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Original research
Mechanical thrombectomy decision making and prognostication: Stroke treatment Assessments prior to Thrombectomy In Neurointervention (SATIN) study
  1. Kyle M Fargen1,
  2. Carol Kittel2,
  3. Brian P Curry3,
  4. Connor W Hile1,
  5. Stacey Q Wolfe1,
  6. Patrick Brown1,
  7. Maxim Mokin4,
  8. Ansaar T Rai5,
  9. Michael Chen6,
  10. Robert M Starke7,
  11. Felipe C Albuquerque8,
  12. Sameer A Ansari9,
  13. Peter Kan10,
  14. Alejandro M Spiotta11,
  15. Guilherme Dabus12,
  16. Thabele M Leslie-Mazwi13,
  17. Joshua A Hirsch14
  18. SATIN Research Group
    1. 1Neurological Surgery and Radiology, Wake Forest University, Winston-Salem, North Carolina, USA
    2. 2Division of Public Health Sciences, Wake Forest University, Winston-Salem, North Carolina, USA
    3. 3Neurological Surgery, Walter Reed Army Medical Center, Bethesda, Maryland, USA
    4. 4Neurosurgery, University of South Florida College of Medicine, Tampa, Florida, USA
    5. 5Interventional Neuroradiology, West Virginia University Rockefeller Neuroscience Institute, Morgantown, West Virginia, USA
    6. 6Neurological Sciences, Rush University Medical Center, Chicago, Illinois, USA
    7. 7Department of Neurosurgery and Radiology, University of Miami School of Medicine, Miami, Florida, USA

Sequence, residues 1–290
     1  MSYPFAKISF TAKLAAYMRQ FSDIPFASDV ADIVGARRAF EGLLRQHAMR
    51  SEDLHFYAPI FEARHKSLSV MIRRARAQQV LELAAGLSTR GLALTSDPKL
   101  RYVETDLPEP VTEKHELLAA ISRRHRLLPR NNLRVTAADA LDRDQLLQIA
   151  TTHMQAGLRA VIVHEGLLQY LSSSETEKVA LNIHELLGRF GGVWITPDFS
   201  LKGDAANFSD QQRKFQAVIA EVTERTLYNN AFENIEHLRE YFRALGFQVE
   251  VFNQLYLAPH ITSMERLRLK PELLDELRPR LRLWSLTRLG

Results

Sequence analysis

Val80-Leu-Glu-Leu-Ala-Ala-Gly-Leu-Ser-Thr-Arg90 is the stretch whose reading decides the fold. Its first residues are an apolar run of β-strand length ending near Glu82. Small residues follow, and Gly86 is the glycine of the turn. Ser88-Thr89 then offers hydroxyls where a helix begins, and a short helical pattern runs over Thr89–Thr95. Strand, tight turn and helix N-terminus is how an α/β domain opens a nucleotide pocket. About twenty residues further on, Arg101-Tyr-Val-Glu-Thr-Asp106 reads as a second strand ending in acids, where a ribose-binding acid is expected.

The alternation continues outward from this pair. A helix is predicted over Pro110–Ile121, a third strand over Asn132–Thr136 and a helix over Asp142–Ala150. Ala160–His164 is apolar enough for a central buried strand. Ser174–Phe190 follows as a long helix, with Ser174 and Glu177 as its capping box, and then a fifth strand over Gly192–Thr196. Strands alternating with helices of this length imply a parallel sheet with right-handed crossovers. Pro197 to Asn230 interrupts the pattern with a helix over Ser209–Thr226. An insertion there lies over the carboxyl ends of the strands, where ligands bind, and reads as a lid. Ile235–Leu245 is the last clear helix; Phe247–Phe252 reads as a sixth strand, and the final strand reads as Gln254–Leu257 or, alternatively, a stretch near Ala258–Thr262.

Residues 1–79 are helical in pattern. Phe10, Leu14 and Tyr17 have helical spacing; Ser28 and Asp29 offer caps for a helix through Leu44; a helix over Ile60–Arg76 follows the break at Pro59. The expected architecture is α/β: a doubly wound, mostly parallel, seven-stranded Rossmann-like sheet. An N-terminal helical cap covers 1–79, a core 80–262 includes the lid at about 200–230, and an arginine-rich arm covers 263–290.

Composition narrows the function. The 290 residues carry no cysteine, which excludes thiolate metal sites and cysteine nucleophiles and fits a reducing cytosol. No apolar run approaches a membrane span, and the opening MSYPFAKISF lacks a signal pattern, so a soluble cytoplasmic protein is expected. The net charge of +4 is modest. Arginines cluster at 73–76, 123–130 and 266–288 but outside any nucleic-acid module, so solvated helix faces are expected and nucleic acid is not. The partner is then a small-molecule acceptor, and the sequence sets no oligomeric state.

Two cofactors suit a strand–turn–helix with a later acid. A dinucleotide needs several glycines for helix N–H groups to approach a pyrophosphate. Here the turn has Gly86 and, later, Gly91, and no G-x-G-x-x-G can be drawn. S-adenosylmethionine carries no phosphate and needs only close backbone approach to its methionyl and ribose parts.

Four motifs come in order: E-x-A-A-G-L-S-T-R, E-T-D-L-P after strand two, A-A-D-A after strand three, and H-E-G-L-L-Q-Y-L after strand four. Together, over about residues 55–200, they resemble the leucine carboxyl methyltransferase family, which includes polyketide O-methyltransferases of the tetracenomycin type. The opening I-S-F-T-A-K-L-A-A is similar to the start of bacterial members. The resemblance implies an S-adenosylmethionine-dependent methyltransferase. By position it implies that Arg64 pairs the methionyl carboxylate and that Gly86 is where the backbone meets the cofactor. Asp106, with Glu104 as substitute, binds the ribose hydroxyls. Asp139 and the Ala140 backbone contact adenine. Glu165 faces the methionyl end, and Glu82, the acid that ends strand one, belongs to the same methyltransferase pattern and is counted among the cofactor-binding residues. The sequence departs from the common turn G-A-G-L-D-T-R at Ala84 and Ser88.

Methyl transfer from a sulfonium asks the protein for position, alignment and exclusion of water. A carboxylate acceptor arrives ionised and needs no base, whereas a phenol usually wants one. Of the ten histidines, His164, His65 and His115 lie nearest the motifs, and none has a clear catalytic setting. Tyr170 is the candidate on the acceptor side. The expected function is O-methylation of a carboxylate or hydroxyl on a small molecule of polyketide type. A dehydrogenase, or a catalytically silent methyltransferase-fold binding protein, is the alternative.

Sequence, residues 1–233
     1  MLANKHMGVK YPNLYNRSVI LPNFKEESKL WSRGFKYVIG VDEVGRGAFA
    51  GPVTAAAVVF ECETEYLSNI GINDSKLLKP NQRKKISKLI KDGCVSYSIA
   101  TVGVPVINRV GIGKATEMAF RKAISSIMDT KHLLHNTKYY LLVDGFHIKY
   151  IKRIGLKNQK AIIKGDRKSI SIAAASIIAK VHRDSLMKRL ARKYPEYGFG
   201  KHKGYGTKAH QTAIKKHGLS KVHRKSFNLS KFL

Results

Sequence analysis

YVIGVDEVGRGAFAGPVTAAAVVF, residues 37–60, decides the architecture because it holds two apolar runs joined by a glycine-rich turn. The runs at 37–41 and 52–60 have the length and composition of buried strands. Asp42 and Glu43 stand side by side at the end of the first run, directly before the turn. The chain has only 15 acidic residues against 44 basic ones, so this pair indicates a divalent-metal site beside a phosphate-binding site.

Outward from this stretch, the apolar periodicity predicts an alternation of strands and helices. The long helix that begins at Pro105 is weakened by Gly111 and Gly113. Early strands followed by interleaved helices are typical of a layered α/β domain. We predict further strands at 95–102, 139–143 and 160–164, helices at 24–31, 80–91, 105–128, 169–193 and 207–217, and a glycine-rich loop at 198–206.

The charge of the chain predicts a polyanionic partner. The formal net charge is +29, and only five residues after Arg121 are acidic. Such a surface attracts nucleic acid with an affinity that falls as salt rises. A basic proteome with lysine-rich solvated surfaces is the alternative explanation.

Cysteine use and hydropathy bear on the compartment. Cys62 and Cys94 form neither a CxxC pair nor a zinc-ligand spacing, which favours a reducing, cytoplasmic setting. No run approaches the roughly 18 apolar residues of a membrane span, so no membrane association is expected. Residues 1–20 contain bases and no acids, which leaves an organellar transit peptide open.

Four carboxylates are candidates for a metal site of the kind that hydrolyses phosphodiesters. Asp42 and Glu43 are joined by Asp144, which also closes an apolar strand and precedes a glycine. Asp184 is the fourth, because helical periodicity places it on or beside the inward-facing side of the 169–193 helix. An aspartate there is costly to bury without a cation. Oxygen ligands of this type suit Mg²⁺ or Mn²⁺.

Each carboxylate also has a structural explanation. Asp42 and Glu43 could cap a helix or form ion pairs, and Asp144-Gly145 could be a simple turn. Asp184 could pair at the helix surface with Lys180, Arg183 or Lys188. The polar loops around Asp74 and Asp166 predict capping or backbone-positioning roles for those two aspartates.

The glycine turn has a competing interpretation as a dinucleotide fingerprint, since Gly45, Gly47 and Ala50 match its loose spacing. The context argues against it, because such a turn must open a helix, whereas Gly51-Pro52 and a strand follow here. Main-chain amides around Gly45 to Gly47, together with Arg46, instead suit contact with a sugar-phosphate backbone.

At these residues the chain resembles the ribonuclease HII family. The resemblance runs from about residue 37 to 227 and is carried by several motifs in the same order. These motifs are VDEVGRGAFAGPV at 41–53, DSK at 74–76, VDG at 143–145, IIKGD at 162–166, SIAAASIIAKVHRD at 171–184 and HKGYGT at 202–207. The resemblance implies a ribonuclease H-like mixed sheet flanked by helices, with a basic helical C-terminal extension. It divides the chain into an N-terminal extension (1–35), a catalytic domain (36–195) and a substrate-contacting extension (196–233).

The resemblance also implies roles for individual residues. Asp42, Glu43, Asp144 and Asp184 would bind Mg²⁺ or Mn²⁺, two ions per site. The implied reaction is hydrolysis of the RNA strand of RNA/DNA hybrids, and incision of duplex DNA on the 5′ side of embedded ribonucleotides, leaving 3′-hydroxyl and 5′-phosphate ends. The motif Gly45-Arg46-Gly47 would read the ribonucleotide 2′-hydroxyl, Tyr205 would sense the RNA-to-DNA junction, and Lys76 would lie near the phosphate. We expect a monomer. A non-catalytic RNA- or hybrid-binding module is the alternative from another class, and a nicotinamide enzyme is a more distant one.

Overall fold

8. 8Department of Neurosurgery, Barrow Neurological Institute, Phoenix, Arizona, USA
    9. 9Radiology, Northwestern University Feinberg School of Medicine, Chicago, Illinois, USA
    10. 10Neurosurgery, The University of Texas Medical Branch at Galveston, Galveston, Texas, USA
    11. 11Neurosurgery, Medical University of South Carolina, Charleston, South Carolina, USA
    12. 12Interventional Neuroradiology and Neuroendovascular Surgery, Miami Neuroscience Institute and Miami Cardiac and Vascular Institute-Baptist Hospital, Miami, Florida, USA
    13. 13Neurology, University of Washington, Seattle, Washington, USA
    14. 14NeuroEndovascular Program, Massachusetts General Hospital, Boston, Massachusetts, USA
    1. Correspondence to Dr Kyle M Fargen, Neurological Surgery and Radiology, Wake Forest University, Winston-Salem, North Carolina 27157, USA; kylefargen{at}gmail.com

    Abstract

    Background Mechanical thrombectomy (MT) is the standard-of-care treatment for stroke patients with emergent large vessel occlusions. Despite this, little is known about physician decision making regarding MT and prognostic accuracy.

    Methods A prospective multicenter cohort study of patients undergoing MT was performed at 11 comprehensive stroke centers. The attending neurointerventionalist completed a preprocedure survey prior to arterial access and identified key decision factors and the most likely radiographic and clinical outcome at 90 days. Post hoc review was subsequently performed to document hospital course and outcome.